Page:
1

So, what I am trying to do is look for a set of files, and then have it echo which ones it has found. For example, this is what I have

    #!/bin/bash

    LaunchDaemon="LaunchDaemon.plist" 
    launchAgent="LaunchAgent"
    mobileLaunchDaemon="MobileDaemon.plist"
    mobileAgent="MobileAgent"

    if [ -f "$LaunchDaemon" ] || [ -f "$launchAgent" ] || [ -f "$mobileLaunchDaemon" ] || [ -f "$mobileAgent" ]
then
    echo "<result>Found</result>"
else
    echo "<result>Not Found</result>"
fi

So, this will tell me if it can find any of them, but it won't tell me which one it is finding. I created another with elif statements inside, which works sort of, but if it finds the first one, it stops there and won't tell me if the others are there as well. So, I hope this makes sense, I'm just trying to find a way to display which of the files have been found.

  • can't you use if..elif..else..fi statement ? – user994144 Aug 3 '16 at 12:50
  • How about having separate if statements for each of the possible things and build the result string in a variable which is echoed out only in the end? – zagrimsan Aug 3 '16 at 13:01
3

You need to split your if test into multiple

if [ -f "$LaunchDaemon" ]
then
  echo $LaunchDaemon found
elif [ -f "$launchAgent" ]
then
  echo $launchAgent found
elif [ ... 
  ...
else
  echo Not found
fi

type structure (fill in the blanks yourself.).

If you want to find all matches just do it as multiple tests, setting a variable to see if anything was found or not

found=0
if [ -f "$LaunchDaemon" ]
then
  echo $LaunchDaemon found
  found=1
fi
if [ -f "$launchAgent" ]
then
  echo $launchAgent found
  found=1
fi
...
if [ $found == 0 ]
then
  echo Not found
fi

Now sometimes we want to set a variable so we know which one was found. This is common when trying to find a matching program or file (eg in the old days we might have had /usr/lib/sendmail or /usr/sbin/sendmail depending on the OS distribution, so we'd need to search to find it).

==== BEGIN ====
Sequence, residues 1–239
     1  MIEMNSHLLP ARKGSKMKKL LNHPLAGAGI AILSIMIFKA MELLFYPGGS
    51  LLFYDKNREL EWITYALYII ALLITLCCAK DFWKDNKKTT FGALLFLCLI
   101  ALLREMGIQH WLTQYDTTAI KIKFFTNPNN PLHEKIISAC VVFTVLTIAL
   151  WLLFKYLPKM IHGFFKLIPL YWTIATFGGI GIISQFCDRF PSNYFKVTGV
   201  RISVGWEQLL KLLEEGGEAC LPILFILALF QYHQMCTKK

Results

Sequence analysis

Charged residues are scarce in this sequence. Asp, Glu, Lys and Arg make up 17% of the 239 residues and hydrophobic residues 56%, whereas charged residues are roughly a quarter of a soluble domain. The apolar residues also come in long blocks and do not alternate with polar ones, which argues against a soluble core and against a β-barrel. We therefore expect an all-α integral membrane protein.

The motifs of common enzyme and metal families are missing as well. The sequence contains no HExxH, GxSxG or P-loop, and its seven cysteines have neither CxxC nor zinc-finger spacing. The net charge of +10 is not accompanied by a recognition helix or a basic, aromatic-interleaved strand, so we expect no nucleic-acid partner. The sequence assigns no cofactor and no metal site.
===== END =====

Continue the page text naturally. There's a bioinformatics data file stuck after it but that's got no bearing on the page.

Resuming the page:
found=
for f in "$LaunchDaemon" "$launchAgent" "$mobileLaunchDaemon" "$mobileAgent"
do
  [[ -f "$f" ]] && found="$f"
done

Now we have $found pointing to a found entry and can test on that.

if [ -n "$found" ]
then
  echo Found: $found
else
  echo Nothing found
fi

The second loop can also find all versions with a minor change:

found=
for f in "$LaunchDaemon" "$launchAgent" "$mobileLaunchDaemon" "$mobileAgent"
do
  [[ -f "$f" ]] && found="$found $f"
done

The downside of this is that there may be a leading space in front, so we should remove that:

found="${found# }"
  • +1. BTW, a minor modification of that final for loop can be used to choose a file to use from one of several dirs - e.g. for d in /etc/program /usr/share/program /usr/local/etc ~/.program ; do [ -e "$d/conf" ] && configfile="$d/conf" ; done; [ -z "$configfile" ] && echo "no config found" && exit 1 - the last one found will be used, so dirs are in order from lowest to highest priority. – cas Aug 4 '16 at 5:03
1

An array would be the best approach here

#!/bin/bash
#Store the filenames in an array, also less management overhead
arry=( "LaunchDaemon.plist" "LaunchAgent" "MobileDaemon.plist" "MobileAgent" )
#Optioinally if you wish to add one more file to check you could
#uncomment the below line
#arry+=("$1") #One more file added from the command line
for i in "${arry[@]}" #Iterate through each element using a for loop
do
 if [ -f "$i" ]
 then
  echo "<result> $i Found</result>" 
 else
  echo "<result> $i Not Found</result>"
 fi
done
0

try this

#!/bin/bash
search_LaunchDaemon="LaunchDaemon.plist"
search_launchAgent="LaunchAgent"
search_mobileLaunchDaemon="MobileDaemon.plist"

for filex  in ${!search_*}
do
found=${!filex}
#echo  -e "${filex}=${!filex}"
#we remove the prefix "search_"
IFS="_" read part1 part2 <<< "${filex}"

if [[ -f $found ]];
then
echo "I have found ${part2}"
else
echo "${part2} not found!"
fi
done

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